The sense of coming together was only made stronger by the fact that it was Election Day. We relayed stories left and right about how long we waited to vote, what kind of characters we met in line, and not once did it matter who we voted for and why. I was reminded immediately how important it is to share these experiences, how exciting it is to come together for change, and how, despite our differences, we can be involved in something bigger than ourselves. From voting in a presidential election to mastering the Mandarin in a new script, we had plenty to bond over. Larry Coen, the director of Chinglish, ended with some uplifting thoughts about the work we were beginning. He informed us that it was believed on the Tibetan calendar that all the positive energy put into the world that day became multiplied by 10 million. Whatever you believe, it’s hard to argue that that’s not a fitting fortune for a day full of unity and new beginnings.
Chinglish, by David Henry Hwang, opens Friday, November 30th, and with this beautiful cast, excellent story, and hard-working team, you won’t want to miss it!
The Chosen continues to astonish audiences, bringing them into the climate of the Brooklynneighborhoods and Jewish communities that resided there during the time of World War 2. After the November 4 matinee showing of The Chosen, Director Daniel Gidron and the cast, Charles Linshaw, Zachary Eisenstat, Joel Colodner, Will McGarrahan, and Luke Murtha, all joined our Associate Artistic Director Nora Long for another talk back with the audience.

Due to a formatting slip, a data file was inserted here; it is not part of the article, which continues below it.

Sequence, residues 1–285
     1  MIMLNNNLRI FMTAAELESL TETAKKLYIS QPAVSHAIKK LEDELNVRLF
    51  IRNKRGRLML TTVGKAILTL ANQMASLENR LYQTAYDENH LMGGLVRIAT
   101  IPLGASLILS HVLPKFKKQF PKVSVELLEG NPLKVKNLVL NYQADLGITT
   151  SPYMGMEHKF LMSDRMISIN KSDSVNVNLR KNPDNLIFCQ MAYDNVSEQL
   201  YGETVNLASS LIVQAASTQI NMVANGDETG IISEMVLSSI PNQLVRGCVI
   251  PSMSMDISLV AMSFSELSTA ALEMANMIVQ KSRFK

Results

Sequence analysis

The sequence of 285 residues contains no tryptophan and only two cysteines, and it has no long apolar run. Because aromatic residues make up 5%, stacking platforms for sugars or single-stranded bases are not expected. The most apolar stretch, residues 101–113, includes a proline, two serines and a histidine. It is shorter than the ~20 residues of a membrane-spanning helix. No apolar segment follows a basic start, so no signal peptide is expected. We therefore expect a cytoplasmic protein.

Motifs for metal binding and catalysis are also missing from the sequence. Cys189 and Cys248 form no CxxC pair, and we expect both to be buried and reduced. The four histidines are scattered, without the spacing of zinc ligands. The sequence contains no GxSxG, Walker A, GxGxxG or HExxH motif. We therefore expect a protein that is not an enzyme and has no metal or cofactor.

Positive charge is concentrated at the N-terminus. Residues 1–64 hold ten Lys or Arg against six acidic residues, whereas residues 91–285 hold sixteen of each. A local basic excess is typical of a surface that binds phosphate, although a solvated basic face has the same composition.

The talk began with a question that really had actors thinking about how far their characters have come now that they are mid way through the shows run. “The more you do a run the more you can try new things and the more you can surprise your scene partner” said Luke Murtha, who plays the role of Danny Saunders in the show. Joel Colodner (Reb Saunders) has actually come to understand the text far more over the past few performances, “I’ve discovered things in the past week that I wasn’t able to understand during rehearsal… I began to understand why [Reb] was speaking through Reuven,” he said.
One audience member in particular was interested in the audience’s doorway into the show, Charles Linshaw’s character Reuven Malter, who functions as a narrator. Charles said, “If I mess up the timing I really really mess up the show… I’m sort of in between the world of the audience and the world of the stage.” Audiences were very interested in his character, who is directly addresses the audience – sometimes defining Jewish terms that some audience’s members may not have been accustomed to. “I had an intellectual idea of why I was talking beforehand but having a physical idea is different than knowing in my brain why I am doing it.” Charles coherently brought us into his process for such a difficult character that juggles a number of hats throughout the entire piece.
The entire piece was well received, many audience members getting lost in the universe of The Chosen citing that the show is one everyone can relate to, one you surely do not want to miss.
The Chosen continues its run at Lyric Stage until November 17th.